Steve: Are there others that you want to describe?

Marianne: Yeah, actually, so I wrote a Medium article about different ways to build empathy when working in health tech. So, one of them was experience it yourself. So, actually to try the app and try measuring your blood glucose all the time. See for yourself. So, when we did the ethnographic visits, to bring people out so they could actually talk to and see people. And listen to others. So, some people that I work with actually do have diabetes and so I wanted to hear their stories. So, we started something called Life with Diabetes Storytelling. So, just a couple of folks each time and they’ll either tell their own story of how they were diagnosed and what it was like. Or some people have children who have diabetes and that whole experience. Or some people have parents who have diabetes. So, it humanizes it even further because these are people that we actually work with. So, it’s one thing to visit somebody’s home and you never see that stranger again, but these people that we see all the time and we think nothing of somebody at the lunch counter, or lunch table, pricking their finger and taking their blood glucose, or pulling up their shirt and dosing insulin right at the table. Like that’s just kind of what happens. And to ask those questions and making it okay to ask like well when did you tell your wife? And what is it like to do sports and kind of do those things that you used to do? So, it’s been a really great way to create empathy and even bond as a team, to hear each other’s stories. We put them up all on the website so people who start new can watch the videos themselves and learn about people stories.

Steve: And what’s – the format is videos. Are there are materials that are – I guess describe what this looks like?

Marianne: So, I was a little ambitious at first. I was like we’re going to have three people who speak once a month and I realized the company’s not that big and a lot of people actually don’t want to talk. And even I was encouraging people to – even if you don’t have diabetes, you don’t know anyone with diabetes, like there’s lot of this stuff on the Internet. Like watch some videos. Read some people’s blogs. Like bring that in. Haven’t had any takers on that yet. So, now kind of what we’re doing is we just have two speakers and we do it about every other month. And I just give people the floor. I say you’ve got 15-20 minutes, tell your story. Some people take less time. Some people are a little bit more hands – they take a little bit more time. But all I’m doing is giving them the floor, just creating that space. And it’s been wildly popular. Like engineers will come. Like people – we actually fill the room where it is. So, it’s just an opportunity for people to tell their story. And I also wanted to make it a little bit special, so the JDRF has these little bears called Rufus the Bear that teach kids who are diagnosed like how to do their insulin and all that. So, I’m riffing off that. So, I have these little bears that I give people after they speak, and it says, dear so and so, thanks for sharing a diabetes story. So, it’s personalized and people sit them on their desk so that when you walk around you can see who shared a story. So, I wanted to make it a little special of like, yeah, thanks for sharing and we know whose stories are out there too.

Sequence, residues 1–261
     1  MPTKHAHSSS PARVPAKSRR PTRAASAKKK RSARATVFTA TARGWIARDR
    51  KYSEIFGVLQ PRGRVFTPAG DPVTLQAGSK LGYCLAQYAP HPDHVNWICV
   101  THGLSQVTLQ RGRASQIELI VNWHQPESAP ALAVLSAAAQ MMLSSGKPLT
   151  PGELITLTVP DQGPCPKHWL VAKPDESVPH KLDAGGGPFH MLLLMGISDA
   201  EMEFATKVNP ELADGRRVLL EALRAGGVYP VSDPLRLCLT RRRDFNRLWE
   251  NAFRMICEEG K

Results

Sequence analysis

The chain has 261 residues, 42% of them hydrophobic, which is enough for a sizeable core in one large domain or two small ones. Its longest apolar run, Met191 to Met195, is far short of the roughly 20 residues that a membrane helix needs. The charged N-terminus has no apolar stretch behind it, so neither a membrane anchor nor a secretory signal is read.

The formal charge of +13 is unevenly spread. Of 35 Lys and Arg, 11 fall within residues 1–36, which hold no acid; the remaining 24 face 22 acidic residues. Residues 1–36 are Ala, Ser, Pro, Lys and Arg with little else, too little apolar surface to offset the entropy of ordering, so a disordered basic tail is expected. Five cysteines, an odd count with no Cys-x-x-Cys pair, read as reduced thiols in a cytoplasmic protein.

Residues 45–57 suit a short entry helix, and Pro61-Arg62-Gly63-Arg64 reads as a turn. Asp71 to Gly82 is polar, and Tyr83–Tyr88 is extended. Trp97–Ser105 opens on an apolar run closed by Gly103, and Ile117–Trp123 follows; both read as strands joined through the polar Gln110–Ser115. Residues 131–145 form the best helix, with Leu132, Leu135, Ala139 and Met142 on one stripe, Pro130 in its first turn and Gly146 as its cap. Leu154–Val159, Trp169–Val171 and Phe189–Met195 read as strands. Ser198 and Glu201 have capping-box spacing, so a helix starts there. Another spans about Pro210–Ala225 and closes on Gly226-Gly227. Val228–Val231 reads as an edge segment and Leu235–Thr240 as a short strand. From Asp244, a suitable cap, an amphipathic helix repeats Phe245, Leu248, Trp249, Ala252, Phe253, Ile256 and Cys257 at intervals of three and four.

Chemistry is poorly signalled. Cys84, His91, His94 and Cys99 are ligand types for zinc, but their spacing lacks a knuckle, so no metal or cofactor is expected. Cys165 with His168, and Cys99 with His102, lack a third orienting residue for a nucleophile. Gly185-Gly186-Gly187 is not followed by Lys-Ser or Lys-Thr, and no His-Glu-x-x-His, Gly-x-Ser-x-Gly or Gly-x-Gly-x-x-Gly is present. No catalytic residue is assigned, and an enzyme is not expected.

Steve: That’s great. So maybe a different question, following up on some of the things we talked about earlier. You know thinking – we talked about how you learn research and kind of your process through these different environments that you were in. You know at this point, do you have a super power?